Nokia's Windows comeback: Great but what's next?
Lumia 800 arrived in the nick of time
Reviewer's Notebook Back in February, people muttered that Nokia's new CEO Stephen Elop was a Trojan Horse sent to destroy the company and deliver the remains of the chopped up cadaver to Microsoft. Those mutterings continue. But having used Nokia's new Windows phone (here's my review) it doesn't look quite like that. Microsoft's software has given Nokia a quick and vital competitive advantage.
If it feels strange reading that – imagine how strange it is writing it. Microsoft steps in to make Nokia competitive. Let's let that sink in for a moment.
Nokia loyalists in recent years have had to put up with a lot of grief, as the once promising Symbian OS was bound up in spaghetti code, mired in Nokia's bureaucracy and had custard pie thrown at it in the form of poorly written applications. Nokia never shipped a competitive email client with the S60, and made do with memory-guzzling and barely functional widgets for its social media story.
Windows Phone really excels at both. The Office functionality is better than anything cobbled together by QuickOffice. Photos and videos are handled as well or better than before. And the user interface is clean fast and functional.
Windows Phone is not only one of the most original pieces of design Microsoft has done – perhaps the best – it has executed it really well. This is a strong candidate for the best piece of technology Microsoft has ever produced. The platform also has an ace up its sleeve: the remarkable People application.
I'm most certainly not the target audience for a social networking-based app. Perhaps you're not either. Yet, even so, while writing the review, I found a lot of utility from a piece of software that united contacts with their recent communications with me.
I don't need to see all of someone's Facebook Wall; to be honest, I don't need to see any of it. But a record of SMSes and recent emails and prior meetings is useful when you're about to call them and catch up. There's huge value here if your online social networking is just the obligatory professional presence on LinkedIn. Or even if you don't use any social network at all.
No, this isn't an original idea and applications from Act! (24 years old this year) to SalesForce take the same idea and build on it. This is simply so well done, it's useful right away.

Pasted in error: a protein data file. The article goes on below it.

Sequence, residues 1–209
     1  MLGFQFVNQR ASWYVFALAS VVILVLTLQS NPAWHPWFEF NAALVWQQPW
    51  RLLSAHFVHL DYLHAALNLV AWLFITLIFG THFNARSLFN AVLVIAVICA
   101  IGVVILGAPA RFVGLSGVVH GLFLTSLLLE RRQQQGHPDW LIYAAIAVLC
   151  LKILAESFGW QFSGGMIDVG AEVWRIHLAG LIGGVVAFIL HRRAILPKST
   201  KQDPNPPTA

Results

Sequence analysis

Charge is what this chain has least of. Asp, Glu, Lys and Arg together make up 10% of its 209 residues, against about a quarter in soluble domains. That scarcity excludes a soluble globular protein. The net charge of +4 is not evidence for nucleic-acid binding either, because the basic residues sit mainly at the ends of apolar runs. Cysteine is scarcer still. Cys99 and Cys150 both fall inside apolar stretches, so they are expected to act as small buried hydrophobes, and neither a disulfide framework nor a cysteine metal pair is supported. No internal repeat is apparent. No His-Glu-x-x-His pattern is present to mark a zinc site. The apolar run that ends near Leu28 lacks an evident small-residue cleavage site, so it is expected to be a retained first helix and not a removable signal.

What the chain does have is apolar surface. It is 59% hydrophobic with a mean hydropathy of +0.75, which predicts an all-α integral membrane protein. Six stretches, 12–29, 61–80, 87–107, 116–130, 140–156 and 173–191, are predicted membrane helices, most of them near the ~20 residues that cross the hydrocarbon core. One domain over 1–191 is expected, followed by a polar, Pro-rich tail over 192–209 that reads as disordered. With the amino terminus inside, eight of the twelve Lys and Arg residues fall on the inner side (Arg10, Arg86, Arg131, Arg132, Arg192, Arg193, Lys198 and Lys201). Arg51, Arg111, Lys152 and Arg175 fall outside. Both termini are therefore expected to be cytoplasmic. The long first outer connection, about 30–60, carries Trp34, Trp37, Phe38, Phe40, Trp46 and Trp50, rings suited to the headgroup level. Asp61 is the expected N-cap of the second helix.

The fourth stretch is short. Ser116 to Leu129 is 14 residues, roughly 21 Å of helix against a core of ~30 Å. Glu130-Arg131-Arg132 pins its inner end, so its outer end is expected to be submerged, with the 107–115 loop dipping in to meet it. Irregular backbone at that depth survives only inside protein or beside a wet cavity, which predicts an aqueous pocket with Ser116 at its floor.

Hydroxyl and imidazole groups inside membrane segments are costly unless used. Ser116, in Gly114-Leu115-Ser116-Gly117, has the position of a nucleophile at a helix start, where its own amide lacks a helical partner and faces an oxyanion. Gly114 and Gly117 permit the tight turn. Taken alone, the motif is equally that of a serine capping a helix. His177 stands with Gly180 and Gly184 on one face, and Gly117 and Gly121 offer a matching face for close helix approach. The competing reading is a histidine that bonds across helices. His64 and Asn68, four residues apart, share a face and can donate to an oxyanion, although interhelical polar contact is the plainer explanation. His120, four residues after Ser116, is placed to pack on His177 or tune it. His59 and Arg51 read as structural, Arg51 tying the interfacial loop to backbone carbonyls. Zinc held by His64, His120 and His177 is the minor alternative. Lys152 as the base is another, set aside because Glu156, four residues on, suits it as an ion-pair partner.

So all in all, you can't really see Mango as anything other than a huge step up.
So what now?
Next page: The Hard Sell
Fight for the right to have an N9
The "sheer novelty of having a nice smartphone with 'NOKIA' imprinted on it" came with the Nokia N9, which is a properly designed phone by Nokia's chief designer with "a coherent design story" and not a hack like the L800. Have Nokia UK take its finger off its botttom and ship you an N9, if they can't be bothered to supply all the UK buyers with a proper phone.
No gaudy colours? Check.
Proper Nokia reception, call quality, and battery life? Check.
OS design melding with the OS design? Check.
Outside of El Reg fora and their population of Linux enthusiasts (admittedly, I don't visit other IT related fora much), I have yet to hear anyone say anything AT ALL about Linux on phones. Just deal with it, Linux just isn't what *consumers* want, hell, even Android is seen by some as too techy.
Remember OpenMoko? Every Linux fanboi was so busy ejaculating in their pants and posting on every bloody forum they could get their hairy palms on about how great this will be, they forgot to buy the damn thing. And surprise surprise, it tanked.
A vocal minority does not a commercial success make, and Nokia seem to have finally realised this.
(Another flashback: Nokia N95 vs iPhone - oh, the geekdom was rolling on the floor with derisory laughter when the iPhone's spec sheet, about the length of my private member, was compared to the Nokia spec sheet, which was the length of a porn star's trouser Saturn V. Which one sold better, I wonder?)
Re: Must ... fight ... bias
I'm not buying one, either: judging from the Lumia 800 ads, I am completely the wrong demographic, ie. not a 20-something party animal living in the big city for the first time. Ditto most of the folk here, I suspect.